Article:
Last Tuesday evening, I led my latest in a series of free monthly workshops that I hold at the local library. The topic was "Writing your Personal Mission Statement."
I had six lovely participants and I walked them through a series of activities to get them thinking about when they act and feel like the best version of themselves. What are they doing? Where are they? Who are they with? What is essential to their idea of "living on purpose"? What themes and commonalities could they identify in those important moments? What words came to mind when considering how those moments related to their overarching purpose in life?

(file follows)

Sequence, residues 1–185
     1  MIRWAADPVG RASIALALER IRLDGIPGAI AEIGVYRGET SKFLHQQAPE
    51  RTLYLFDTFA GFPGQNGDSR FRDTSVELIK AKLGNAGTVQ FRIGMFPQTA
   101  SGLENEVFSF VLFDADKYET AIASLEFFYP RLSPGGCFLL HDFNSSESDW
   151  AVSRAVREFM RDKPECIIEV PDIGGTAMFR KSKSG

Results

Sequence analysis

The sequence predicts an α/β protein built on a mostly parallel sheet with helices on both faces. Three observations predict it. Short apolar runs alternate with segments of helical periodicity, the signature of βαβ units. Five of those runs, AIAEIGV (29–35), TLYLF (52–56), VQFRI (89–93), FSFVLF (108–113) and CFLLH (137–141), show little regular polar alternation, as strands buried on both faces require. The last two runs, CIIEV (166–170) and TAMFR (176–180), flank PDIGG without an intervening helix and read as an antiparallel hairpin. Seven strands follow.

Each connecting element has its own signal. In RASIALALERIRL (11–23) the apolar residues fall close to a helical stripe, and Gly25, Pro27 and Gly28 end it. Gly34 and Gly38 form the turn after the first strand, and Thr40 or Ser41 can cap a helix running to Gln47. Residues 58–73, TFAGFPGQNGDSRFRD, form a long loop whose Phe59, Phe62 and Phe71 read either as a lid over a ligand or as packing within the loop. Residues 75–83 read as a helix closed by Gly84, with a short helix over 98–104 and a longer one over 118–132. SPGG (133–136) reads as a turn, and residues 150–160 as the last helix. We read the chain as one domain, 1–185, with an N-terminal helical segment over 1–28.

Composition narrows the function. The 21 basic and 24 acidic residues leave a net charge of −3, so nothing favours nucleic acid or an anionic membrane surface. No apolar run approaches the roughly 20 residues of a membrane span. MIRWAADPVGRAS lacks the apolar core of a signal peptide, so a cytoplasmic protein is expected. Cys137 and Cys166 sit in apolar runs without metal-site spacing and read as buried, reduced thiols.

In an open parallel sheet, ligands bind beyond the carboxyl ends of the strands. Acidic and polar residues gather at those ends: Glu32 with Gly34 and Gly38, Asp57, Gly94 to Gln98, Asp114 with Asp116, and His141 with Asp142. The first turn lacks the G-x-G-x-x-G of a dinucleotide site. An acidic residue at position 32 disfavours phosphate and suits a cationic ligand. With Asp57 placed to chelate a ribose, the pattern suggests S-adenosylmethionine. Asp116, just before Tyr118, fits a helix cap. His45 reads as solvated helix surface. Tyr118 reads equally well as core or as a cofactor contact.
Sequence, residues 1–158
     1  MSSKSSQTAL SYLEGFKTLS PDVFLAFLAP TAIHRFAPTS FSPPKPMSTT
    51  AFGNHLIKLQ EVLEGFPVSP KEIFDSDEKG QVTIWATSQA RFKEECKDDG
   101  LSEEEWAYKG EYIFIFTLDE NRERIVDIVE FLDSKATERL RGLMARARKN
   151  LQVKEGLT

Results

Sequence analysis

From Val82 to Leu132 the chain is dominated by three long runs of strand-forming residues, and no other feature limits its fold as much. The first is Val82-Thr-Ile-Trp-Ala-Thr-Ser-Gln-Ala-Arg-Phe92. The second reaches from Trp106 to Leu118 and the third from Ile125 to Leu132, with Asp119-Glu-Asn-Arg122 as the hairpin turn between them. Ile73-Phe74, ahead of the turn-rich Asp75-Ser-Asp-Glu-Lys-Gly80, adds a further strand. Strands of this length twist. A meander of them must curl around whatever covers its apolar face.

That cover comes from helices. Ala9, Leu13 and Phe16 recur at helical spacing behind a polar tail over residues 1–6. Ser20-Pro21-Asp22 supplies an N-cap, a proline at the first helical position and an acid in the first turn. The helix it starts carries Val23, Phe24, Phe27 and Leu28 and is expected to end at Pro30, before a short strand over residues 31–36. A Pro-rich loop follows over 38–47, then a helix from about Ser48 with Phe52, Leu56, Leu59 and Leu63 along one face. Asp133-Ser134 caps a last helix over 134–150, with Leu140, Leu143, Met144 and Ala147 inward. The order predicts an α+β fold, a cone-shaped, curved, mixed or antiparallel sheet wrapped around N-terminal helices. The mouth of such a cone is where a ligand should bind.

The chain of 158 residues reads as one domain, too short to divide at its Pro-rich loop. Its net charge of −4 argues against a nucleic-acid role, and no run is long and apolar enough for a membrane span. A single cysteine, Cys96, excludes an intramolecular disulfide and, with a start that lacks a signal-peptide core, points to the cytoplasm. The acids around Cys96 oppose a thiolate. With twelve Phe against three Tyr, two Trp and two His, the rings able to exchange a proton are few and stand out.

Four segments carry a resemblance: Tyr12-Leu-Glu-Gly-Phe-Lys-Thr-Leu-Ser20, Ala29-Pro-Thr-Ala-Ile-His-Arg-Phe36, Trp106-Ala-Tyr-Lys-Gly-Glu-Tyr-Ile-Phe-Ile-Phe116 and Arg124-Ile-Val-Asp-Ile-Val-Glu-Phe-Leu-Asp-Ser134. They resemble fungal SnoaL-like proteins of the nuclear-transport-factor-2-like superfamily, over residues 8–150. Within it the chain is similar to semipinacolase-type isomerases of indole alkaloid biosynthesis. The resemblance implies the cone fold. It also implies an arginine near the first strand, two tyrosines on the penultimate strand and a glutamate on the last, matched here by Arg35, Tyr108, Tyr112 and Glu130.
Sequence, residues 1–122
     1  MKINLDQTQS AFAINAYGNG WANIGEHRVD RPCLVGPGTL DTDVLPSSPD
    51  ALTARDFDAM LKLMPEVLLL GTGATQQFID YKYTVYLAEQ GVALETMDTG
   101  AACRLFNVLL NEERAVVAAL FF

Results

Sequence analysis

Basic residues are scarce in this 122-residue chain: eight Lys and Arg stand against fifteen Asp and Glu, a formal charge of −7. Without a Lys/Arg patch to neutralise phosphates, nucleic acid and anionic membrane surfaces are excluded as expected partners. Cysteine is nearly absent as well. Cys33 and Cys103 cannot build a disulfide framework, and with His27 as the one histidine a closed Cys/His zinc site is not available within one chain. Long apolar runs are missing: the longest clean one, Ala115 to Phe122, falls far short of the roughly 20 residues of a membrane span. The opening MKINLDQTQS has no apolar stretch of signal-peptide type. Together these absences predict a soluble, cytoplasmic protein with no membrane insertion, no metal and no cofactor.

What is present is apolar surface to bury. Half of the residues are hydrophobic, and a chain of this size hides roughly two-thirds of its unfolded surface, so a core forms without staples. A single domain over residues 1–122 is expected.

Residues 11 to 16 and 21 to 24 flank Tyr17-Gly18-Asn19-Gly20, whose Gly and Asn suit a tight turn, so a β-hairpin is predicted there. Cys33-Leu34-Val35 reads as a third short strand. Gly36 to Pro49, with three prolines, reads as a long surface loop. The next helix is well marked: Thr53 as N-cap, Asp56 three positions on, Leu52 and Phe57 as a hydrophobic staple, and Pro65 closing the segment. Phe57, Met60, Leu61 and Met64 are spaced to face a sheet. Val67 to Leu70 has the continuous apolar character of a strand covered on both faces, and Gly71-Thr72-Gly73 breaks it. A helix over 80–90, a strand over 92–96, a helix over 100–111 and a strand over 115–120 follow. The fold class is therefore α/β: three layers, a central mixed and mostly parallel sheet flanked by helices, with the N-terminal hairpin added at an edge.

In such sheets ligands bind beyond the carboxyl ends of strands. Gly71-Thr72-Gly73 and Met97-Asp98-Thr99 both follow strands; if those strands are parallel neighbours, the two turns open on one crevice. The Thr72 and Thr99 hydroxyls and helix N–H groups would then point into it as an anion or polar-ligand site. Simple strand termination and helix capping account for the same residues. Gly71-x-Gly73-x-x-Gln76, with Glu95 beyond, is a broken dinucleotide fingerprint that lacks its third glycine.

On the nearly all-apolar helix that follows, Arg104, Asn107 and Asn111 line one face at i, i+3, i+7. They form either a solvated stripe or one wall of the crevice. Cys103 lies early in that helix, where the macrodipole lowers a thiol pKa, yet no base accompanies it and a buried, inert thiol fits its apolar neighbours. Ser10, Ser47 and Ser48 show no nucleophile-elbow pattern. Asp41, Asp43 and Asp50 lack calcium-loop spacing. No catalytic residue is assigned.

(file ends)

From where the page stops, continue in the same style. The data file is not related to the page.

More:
This is a challenging activity and a deeply personal one. We had an interesting mix of people with a wide range of interests and passions, so their "on-purpose" moments ranged from showing compassion for others to driving a fast car. After the self-searching and brain-storming phase, we got to writing the rough drafts of our statements. I showed the following examples:
One of the things that I love about my job is that I am constantly learning and incorporating new ideas into my already existing framework. These questions and the ensuing discussion made me think. Does a life purpose have to have a service or altruistic component? I decided, fairly quickly, that it does not. One of my "Big A Words" is AUTHENTICITY, after all, and forcing an idealism that you don't feel would never work anyway. Furthermore, by being honest with yourself and others and pursuing a life that makes you happy, you might just inspire others to live in line with their true desires, thus indirectly giving back and making a difference.